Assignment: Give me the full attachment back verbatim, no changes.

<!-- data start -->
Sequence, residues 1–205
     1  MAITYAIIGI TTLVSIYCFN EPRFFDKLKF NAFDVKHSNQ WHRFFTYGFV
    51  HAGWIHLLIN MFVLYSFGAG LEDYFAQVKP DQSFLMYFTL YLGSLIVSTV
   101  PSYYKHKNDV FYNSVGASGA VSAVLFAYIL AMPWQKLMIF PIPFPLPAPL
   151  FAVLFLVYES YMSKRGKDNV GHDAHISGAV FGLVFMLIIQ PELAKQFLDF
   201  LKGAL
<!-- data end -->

Sequence, residues 1–205
     1  MAITYAIIGI TTLVSIYCFN EPRFFDKLKF NAFDVKHSNQ WHRFFTYGFV
    51  HAGWIHLLIN MFVLYSFGAG LEDYFAQVKP DQSFLMYFTL YLGSLIVSTV
   101  PSYYKHKNDV FYNSVGASGA VSAVLFAYIL AMPWQKLMIF PIPFPLPAPL
   151  FAVLFLVYES YMSKRGKDNV GHDAHISGAV FGLVFMLIIQ PELAKQFLDF
   201  LKGAL